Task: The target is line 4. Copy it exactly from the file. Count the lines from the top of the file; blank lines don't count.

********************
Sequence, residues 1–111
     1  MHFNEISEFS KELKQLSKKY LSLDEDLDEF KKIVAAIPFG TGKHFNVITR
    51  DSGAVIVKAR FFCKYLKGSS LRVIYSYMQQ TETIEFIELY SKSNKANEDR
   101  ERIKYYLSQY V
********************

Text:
   101  ERIKYYLSQY V